The flexion relaxation phenomenon (FRP) is an interesting model to study the modulation of lumbar stability. Previous investigations have explored the effect of load, angular velocity and posture on this particular response. However, the influence of muscular fatigue on FRP parameters has not been thoroughly examined. The objective of the study is to identify the effect of erector spinae (ES) muscle fatigue and spine loading on myoelectric silence onset and cessation in healthy individuals during a flexion-extension task.
Twenty healthy subjects participated in this study and performed blocks of 3 complete trunk flexions under 4 different experimental conditions: no fatigue/no load (1), no fatigue/load (2), fatigue/no load(3), and fatigue/load (4). Fatigue was induced according to the Sorenson protocol, and electromyographic (EMG) power spectral analysis confirmed that muscular fatigue was adequate in each subject. Trunk and pelvis angles and surface EMG of the ES L2 and L5 were recorded during a flexion-extension task. Trunk flexion angle corresponding to the onset and cessation of myoelectric silence was then compared across the different experimental conditions using 2 × 2 repeated-measures ANOVA.
Onset of myoelectric silence during the flexion motion appeared earlier after the fatigue task. Additionally, the cessation of myoelectric silence was observed later during the extension after the fatigue task. Statistical analysis also yielded a main effect of load, indicating a persistence of ES myoelectric activity in flexion during the load condition.
The results of this study suggest that the presence of fatigue of the ES muscles modifies the FRP. Superficial back muscle fatigue seems to induce a shift in load-sharing towards passive stabilizing structures. The loss of muscle contribution together with or without laxity in the viscoelastic tissues may have a substantial impact on post fatigue stability.
Compared to level walking, additional muscle actions are required to raise and lower the center of mass during uphill and downhill walking, respectively. However, it remains unclear which muscle recruitment strategies are employed at typical grades when walking over a range of speeds. Based on previous reports, we hypothesized that, across a range of walking speeds, hip, knee, and ankle extensor muscle activations increase with steeper uphill grade, but only knee extensor muscle activations increase with steeper downhill grade. We also hypothesized that these changes in muscle activations with grade become more pronounced with faster walking speed. To test these hypotheses, ten young adult subjects (5M/5F) walked on a standard treadmill at seven grades (0, ±3, ±6, and ±9°) and three speeds (0.75, 1.25, and 1.75 m·s−1). We quantified the stance phase electromyographic activities of the gluteus maximus (GMAX), biceps femoris (BF), rectus femoris (RF), vastus medialis (VM), medial gastrocnemius (MG), and soleus (SOL) muscles. On average, compared to level walking, hip (BF: 635%, GMAX: 345%), knee (RF: 165%, VM: 366%), and ankle (MG: 175%, SOL: 136%) extensor muscle activities increased to walk up 9°, but only knee (RF: 310%, VM: 246%) extensor muscle activities increased to walk down 9°. Further, these changes in muscle activations with grade became greater with faster walking speed. We conclude that people employ distinct uphill (hip, knee, and ankle extensors) and downhill (knee extensors) muscle recruitment strategies generally across walking speeds and progressively with steeper grade.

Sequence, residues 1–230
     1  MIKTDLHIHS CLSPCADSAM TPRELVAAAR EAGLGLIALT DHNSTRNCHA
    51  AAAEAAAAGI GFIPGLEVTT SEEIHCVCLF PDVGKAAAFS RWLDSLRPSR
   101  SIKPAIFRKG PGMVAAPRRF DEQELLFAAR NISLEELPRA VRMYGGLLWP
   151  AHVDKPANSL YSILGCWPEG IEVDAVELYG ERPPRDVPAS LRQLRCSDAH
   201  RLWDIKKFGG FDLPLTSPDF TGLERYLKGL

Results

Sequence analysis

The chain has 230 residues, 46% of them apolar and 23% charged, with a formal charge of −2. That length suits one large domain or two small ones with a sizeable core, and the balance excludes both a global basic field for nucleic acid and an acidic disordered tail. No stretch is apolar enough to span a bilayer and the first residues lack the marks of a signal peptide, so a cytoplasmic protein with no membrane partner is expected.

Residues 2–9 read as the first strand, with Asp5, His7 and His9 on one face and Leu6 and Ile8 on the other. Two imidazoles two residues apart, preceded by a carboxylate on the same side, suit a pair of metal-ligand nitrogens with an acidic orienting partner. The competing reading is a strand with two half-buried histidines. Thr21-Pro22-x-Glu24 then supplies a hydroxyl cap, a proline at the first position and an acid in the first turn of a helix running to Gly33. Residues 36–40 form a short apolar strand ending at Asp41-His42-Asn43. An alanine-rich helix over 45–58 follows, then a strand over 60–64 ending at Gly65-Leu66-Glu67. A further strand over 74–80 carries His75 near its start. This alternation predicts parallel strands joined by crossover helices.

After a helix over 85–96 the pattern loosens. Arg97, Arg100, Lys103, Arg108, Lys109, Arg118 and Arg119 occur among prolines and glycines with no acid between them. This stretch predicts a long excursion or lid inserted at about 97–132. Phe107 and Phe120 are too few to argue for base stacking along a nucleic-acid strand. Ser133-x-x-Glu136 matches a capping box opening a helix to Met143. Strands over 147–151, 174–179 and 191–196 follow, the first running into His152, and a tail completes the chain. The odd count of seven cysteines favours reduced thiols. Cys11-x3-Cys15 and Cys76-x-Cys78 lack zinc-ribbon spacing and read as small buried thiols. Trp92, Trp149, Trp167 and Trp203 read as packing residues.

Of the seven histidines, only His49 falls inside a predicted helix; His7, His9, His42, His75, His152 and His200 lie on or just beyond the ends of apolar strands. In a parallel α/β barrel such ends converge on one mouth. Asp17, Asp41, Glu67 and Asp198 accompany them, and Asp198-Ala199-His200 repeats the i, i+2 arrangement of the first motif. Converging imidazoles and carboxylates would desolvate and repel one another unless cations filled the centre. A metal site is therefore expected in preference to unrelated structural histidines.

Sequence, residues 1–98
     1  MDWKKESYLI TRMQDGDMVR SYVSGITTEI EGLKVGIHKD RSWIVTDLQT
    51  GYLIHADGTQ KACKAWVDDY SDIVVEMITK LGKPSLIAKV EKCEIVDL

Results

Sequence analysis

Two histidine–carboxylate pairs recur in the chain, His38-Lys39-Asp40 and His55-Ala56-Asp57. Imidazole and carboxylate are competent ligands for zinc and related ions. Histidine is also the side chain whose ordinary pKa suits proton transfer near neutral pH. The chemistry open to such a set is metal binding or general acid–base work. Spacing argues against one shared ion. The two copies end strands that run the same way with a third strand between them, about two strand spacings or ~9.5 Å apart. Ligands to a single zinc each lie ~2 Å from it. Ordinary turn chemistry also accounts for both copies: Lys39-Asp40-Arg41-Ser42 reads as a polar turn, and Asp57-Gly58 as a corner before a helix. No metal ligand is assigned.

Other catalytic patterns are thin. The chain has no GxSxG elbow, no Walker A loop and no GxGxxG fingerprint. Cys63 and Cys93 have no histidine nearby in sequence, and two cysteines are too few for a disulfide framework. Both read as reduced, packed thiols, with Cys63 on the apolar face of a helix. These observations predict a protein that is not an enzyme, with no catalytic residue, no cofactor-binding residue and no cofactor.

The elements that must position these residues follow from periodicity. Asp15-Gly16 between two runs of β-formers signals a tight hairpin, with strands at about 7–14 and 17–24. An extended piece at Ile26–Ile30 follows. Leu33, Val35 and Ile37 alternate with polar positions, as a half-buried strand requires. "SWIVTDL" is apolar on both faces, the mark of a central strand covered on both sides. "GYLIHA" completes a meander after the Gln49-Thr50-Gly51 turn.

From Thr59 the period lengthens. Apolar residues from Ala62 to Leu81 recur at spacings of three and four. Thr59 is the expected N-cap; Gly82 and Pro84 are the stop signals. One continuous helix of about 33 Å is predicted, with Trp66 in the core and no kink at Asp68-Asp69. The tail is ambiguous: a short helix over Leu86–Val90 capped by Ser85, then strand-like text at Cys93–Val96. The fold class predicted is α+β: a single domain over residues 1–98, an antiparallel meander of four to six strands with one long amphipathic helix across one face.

Uphill; Downhill; EMG; Electromyography; Muscle Activity
Abnormal coactivation of leg extensors is often observed on the paretic side of stroke patients while they attempt to move. The mechanisms underlying this coactivation are not well understood. This study (1) compares the coactivation of leg extensors during static contractions in stroke and healthy individuals, and (2) assesses whether this coactivation is related to changes in intersegmental pathways between quadriceps and soleus (Sol) muscles after stroke.
Thirteen stroke patients and ten healthy individuals participated in the study. Levels of coactivation of knee extensors and ankle extensors were measured in sitting position, during two tasks: maximal isometric voluntary contractions in knee extension and in plantarflexion. The early facilitation and later inhibition of soleus voluntary EMG evoked by femoral nerve stimulation were assessed in the paretic leg of stroke participants and in one leg of healthy participants.
Coactivation levels of ankle extensors (mean ± SEM: 56 ± 7% of Sol EMG max) and of knee extensors (52 ± 10% of vastus lateralis (VL) EMG max) during the knee extension and the ankle extension tasks respectively were significantly higher in the paretic leg of stroke participants than in healthy participants (26 ± 5% of Sol EMG max and 10 ± 3% of VL EMG max, respectively). Early heteronymous facilitation of Sol voluntary EMG in stroke participants (340 ± 62% of Sol unconditioned EMG) was significantly higher than in healthy participants (98 ± 34%). The later inhibition observed in all control participants was decreased in the paretic leg. Levels of coactivation of ankle extensors during the knee extension task were significantly correlated with both the increased facilitation (Pearson r = 0.59) and the reduced inhibition (r = 0.56) in the paretic leg. Measures of motor impairment were more consistently correlated with the levels of coactivation of biarticular muscles than those of monoarticular muscles.